When John McAvoy first had dreams of becoming a professional athlete, several metres of concrete, barbed wire and iron bars held him back. The former professional bank robber was currently mid-way through a hefty prison sentence, serving time for conspiracy to commit robbery and firearms offences.
Whilst behind bars in 2009, after watching a news report covering the death of one his close friends during a police chase, John realised that his life of crime was over. Redemption takes many forms, and McAvoy found solace and peace in the prison gym.
Following several years of training and fitness regimes at her majesty’s pleasure, and breaking indoor records left, right and centre – John was released and immediately turned his attention to bettering himself, and his personal bests, by entering the world of multisport.
John’s journey to this year’s Challenge Almere-Amsterdam on 9 September 2017 has taken many turns, from success at indoor rowing championships in 2012, to a podium at the London Ultra Duathlon in 2015. In 2016 he turned his attention to long-distance racing, and competed at the European championships in Frankfurt.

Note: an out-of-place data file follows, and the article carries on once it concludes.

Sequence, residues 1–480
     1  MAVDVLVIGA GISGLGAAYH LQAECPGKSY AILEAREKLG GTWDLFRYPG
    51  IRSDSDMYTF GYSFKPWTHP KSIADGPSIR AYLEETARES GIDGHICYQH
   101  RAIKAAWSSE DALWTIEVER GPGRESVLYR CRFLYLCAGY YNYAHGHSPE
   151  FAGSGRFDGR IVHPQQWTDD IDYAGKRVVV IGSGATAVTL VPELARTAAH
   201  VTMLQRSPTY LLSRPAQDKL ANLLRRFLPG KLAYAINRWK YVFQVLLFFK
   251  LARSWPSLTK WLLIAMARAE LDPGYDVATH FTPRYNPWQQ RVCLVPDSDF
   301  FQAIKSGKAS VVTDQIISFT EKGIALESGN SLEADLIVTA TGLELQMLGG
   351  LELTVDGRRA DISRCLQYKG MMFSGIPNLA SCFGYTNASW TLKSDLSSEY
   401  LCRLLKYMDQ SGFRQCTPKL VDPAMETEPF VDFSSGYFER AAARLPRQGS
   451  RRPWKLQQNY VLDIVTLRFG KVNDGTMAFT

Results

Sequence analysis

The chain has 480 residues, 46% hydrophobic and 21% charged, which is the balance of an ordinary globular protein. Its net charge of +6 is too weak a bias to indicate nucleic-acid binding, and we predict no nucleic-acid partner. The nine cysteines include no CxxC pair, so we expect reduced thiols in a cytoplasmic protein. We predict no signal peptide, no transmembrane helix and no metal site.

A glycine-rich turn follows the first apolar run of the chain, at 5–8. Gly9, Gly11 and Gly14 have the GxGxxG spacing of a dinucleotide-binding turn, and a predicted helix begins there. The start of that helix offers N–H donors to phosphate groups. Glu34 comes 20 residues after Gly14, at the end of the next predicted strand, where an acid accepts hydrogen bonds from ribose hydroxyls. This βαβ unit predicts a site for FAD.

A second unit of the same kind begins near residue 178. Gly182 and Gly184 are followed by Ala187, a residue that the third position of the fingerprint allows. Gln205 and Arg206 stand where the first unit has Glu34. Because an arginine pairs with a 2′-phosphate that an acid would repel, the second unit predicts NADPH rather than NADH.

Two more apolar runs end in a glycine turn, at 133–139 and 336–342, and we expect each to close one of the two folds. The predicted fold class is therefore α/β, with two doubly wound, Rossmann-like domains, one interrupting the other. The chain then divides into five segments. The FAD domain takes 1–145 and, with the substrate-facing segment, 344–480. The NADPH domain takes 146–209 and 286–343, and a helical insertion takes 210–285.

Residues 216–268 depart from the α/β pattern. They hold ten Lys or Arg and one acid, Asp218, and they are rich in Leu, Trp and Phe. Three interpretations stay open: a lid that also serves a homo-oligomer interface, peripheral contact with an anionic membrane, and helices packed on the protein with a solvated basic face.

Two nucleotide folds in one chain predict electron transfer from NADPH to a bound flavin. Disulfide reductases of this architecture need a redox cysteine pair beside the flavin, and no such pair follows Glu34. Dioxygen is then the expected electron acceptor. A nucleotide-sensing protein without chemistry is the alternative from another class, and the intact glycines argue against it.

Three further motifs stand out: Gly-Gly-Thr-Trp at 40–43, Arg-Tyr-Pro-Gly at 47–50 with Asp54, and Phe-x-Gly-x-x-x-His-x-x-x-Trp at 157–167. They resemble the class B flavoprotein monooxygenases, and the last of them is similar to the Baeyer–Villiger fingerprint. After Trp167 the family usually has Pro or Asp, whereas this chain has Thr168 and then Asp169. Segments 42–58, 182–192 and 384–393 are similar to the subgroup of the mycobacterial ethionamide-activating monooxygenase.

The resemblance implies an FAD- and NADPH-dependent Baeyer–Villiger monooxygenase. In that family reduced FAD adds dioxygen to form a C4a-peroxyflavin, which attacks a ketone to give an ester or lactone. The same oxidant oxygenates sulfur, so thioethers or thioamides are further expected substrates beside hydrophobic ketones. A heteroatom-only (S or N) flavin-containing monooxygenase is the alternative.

This September, John will compete with some of the best age groupers from all over Europe, as it is announced that he will race Challenge Almere-Amsterdam – home of the ETU 2017 Long Distance Triathlon European Championship – taking place in Flevoland, Holland.
Challenge Family has been running the race since 2013. The Dutch triathlon is the oldest triathlon in Europe, and the second oldest in the world after Hawaii. Characterised by a course littered with wind-battered flat roads and characteristic Dutch windmills, Challenge Almere is ‘sure to test even the hardiest long distance triathlete’.
Previous winners include world champion Chrissie Wellington; and the history of the race is littered with some of the Netherland’s triathlon heroes, including Axel Koenders and Gregor Stam. Yvonne van Vlerken is back on the start list after few years away and is attempting to break the women’s race record (8:56, Irma Heeren 1999).